Billionaire hotelier Leona Helmsley evaded more than $1 million in taxes by charging personal expenses to her businesses because she was cheap and arrogant, a federal prosecutor said Wednesday.
"If there's one thing you learned at this trial, it's that just because you're rich doesn't mean you're not cheap," Assistant U.S. Atty. Cathy Seibel told the jury in her closing argument. "The Helmsleys kept an eagle eye on every penny."
She said Mrs. Helmsley was not above "nickel and diming" her employees, so it should come as no surprise that she would become involved in a phony billing scheme to charge personal expenses to her businesses.
But Mrs. Helmsley's lawyer, Gerald Feffer, said Mrs. Helmsley had nothing to do with the phony bills. He said her employees devised the scheme to avoid contact with her and they made false invoices to bill the expenses to Helmsley businesses so the contractors at her $11-million Connecticut estate could be paid without her knowledge.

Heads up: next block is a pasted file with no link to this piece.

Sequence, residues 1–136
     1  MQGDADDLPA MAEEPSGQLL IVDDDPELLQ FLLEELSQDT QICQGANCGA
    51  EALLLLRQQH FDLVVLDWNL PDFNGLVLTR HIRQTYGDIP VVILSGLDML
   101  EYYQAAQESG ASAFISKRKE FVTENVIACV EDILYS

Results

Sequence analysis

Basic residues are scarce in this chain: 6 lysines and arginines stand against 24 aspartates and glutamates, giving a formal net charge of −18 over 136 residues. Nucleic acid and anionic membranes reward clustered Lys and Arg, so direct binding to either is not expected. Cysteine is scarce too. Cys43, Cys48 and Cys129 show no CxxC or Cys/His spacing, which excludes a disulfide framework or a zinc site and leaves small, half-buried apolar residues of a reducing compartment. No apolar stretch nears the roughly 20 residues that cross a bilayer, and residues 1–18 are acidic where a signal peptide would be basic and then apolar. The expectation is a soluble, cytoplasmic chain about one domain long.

"There's no question that Mrs. Helmsley was a very tough person to deal with," Feffer said. He argued vehemently that Mrs. Helmsley was never involved in a conspiracy to defraud the Internal Revenue Service.
As Feffer spoke, Mrs. Helmsley watched him intently and sometimes vigorously nodded her head in agreement.
"You can call Mrs. Helmsley cheap, but in the three years in question, the Helmsleys paid $59 million in taxes." he said.